A. We are evaluating a new type of anodizing/hardcoating process. It utilizes high voltages in a non-acid electrolyte. Its properties are similar to sulfuric acid anodizing without the loss of fatigue strength. However, it is possible to develop integral colors, such as black. Preliminary testing indicates excellent optical characteristics.

Chris Jurey, Past-President IHAA
Luke Engineering & Mfg. Co. Inc.
supporting advertiser
Wadsworth, Ohio
luke banner

A. We currently use a two step black electrolytic color anodizing, first sulfuric acid anodizing and then AC electrolytic coloring which basically is stannous sulphate. I know by experience the color won't fade against UV if it was processed within certain limits.

Saludos desde Mexico

Guillermo Luna
- Mexico City, Mexico

Q. I'm really interested in this topic, and I would like to do a couple of runs using the electro coloring process, the only thing I'm not sure about is what concentration do you use, is this a non acid bath? and how much AC current is needed I for how long

Alejandro Arriaza
- Guatemala City, Guatemala
February 1, 2008

Multiple threads merged: please forgive chronology errors :-)

Q. We have parts we manufacture anodized type II, class 2 black. The material is both 6061 and cast tool plate. The thickness is about .2 to .4 mil, and the dye is organic. Our anodizing supplier has used nickel to seal our parts, then changed to Teflon at our request. The problem is almost all parts have exhibited a change in color over time from black to a bronze/muted gold. This change is inhibited by a lack of air or residual oil around some tapped holes(fingerprints can help stop it). Parts in plastic bags in the stock room only exhibit discoloring where protruding from the bag.

We had our vendor change to Teflon seal; delays the problem some, doesn't prevent it. He changed dye manufacturers when first notified of the problem. He has checked the acid concentration, cleaned his tanks, etc.; nothing seems to help. Uses large city tap water to rinse (chlorine?). Has anyone seen this type of discoloration before?

Dave Braumann
- Sauk City, Wisconsin

A. Color fastness of dyed aluminum anodizing is strongly correlated to seal quality. Poorly sealed parts can fade or change color due to UV exposure, over-the-counter ammonia [on eBay or Amazon (adv.)] based cleaners, etc. That being said, I have also seen organically dyed black parts fade to gold rapidly at elevated temperatures (even with a good seal!).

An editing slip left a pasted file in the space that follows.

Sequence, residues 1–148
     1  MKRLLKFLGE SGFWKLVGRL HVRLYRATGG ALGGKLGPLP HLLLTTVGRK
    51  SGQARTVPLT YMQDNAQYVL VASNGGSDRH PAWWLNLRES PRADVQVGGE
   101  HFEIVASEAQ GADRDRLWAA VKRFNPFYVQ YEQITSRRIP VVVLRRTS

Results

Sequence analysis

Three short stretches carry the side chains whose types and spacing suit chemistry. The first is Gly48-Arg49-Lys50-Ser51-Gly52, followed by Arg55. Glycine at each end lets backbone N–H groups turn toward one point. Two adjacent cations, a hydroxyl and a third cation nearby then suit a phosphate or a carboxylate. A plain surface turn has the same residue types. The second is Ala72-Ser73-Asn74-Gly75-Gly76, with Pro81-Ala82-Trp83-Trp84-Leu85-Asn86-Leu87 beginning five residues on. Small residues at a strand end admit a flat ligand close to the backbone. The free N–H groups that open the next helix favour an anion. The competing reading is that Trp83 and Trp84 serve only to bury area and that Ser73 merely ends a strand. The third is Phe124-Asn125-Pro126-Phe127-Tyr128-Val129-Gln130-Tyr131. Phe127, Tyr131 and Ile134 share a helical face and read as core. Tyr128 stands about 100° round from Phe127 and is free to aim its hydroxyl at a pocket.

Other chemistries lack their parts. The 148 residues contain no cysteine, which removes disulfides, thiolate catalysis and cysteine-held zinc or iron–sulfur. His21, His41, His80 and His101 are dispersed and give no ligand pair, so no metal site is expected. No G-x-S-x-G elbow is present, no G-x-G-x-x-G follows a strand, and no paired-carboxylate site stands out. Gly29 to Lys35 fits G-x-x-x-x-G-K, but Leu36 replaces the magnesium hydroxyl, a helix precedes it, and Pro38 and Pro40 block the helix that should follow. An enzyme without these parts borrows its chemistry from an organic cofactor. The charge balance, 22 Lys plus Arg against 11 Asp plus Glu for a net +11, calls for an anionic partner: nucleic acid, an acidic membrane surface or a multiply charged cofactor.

Victor Waldman
- Naugatuck, Connecticut

Q. That being said what if the part is not at an elevated temperature. What is the best coating to avoid color change due to UV?

Michael Jefferson
- Derby Connecticut USA

A. Hi Michael.
Sorry, I am not quite clear if you require black or just no color change, Michael. The familiar dark bronze anodized coatings that are regularly used on buildings and architectural products are extremely stable, involving as they do metal particles rather than organic dyes. Guillermo Luna says you can do this electrolytic two-step process in black, although I'm not personally familiar with its reliability in black. You can get reasonably lightfast organic black dyes if you specify them and seal them well, or you can "overdye", i.e., use the electrolytic inorganic coloring method first, then dye it with a UV-stable black dye.
Good luck!

Ted Mooney,
Ted Mooney, P.E.
Striving to live Aloha - Pine Beach, New Jersey

Multiple threads merged: please forgive chronology errors :-)

Q. I'm new in anodizing business. Blackening anodizing is new stuff for me. The question is what is the good way to coloring a aluminium part, using dye or electrolytic coloring. If it electrolytic process, what metal should I use?


Royal Akira
P.T REXOL - Bandund, West Java, Indonesia

A. Hi Royal, I wasn't aware aware of electrolytic/2-step treatment giving a good black but Guillermo Luna says you can do electrolytic two step black fine if you're careful. I would guess there are proprietary hybrid blackening methods which would include electrolytic coloring as close to black as you can get, then overdyeing with an organic dye though.

But electrolytic dyeing is expensive and designed primarily for architectural use and strong UV light. For most parts, organic dyes with a good lightfastness rating are sufficient.

Remember that thick anodizing is required for saturated colors, and black is very saturated. 0.005" anodizing is about the minimum, and sometimes even as thick as 0.008" is used.

Ted Mooney,
Ted Mooney, P.E.
Striving to live Aloha - Pine Beach, New Jersey

Multiple threads merged: please forgive chronology errors :-)

Our black anodizing is not UV stable

Q. Our product was exposed in sunlight. The cover of our product is made from Aluminum with hard anodizing. It passed salt spray test (120 hours) but we found the cover color (black) faded recently. I guess sealing is ok because it passed salt spraying test. I guess the dye of anodizing may not be UV stable but I'm not so sure of it. Our vendor mentioned that dye of anodizing are 100% not be UV-stable so that color fading is reasonable. I need your advise to find the root cause of it. Thanks!

Liu Stephen
buyer - Taiwan
November 11, 2009

simultaneous replies

A. All organic dyes fade in sunlight. Two-Step tin plated anodizing does not fade. Architectural anodizing does not fade.

robert probert
Robert H Probert
Robert H Probert Technical Services
supporting advertiser
Garner, North Carolina

A. Liu,
You are right on your guess that the dye is not UV stable. The question is does it need to be? Is it part of the contract to supply parts black dyed and UV stable? If you require UV stability you will have to look at your dye and sealing technique. If not then it up to you whether you want it to look nice.

Brian Terry
Aerospace - Yeovil, Somerset, UK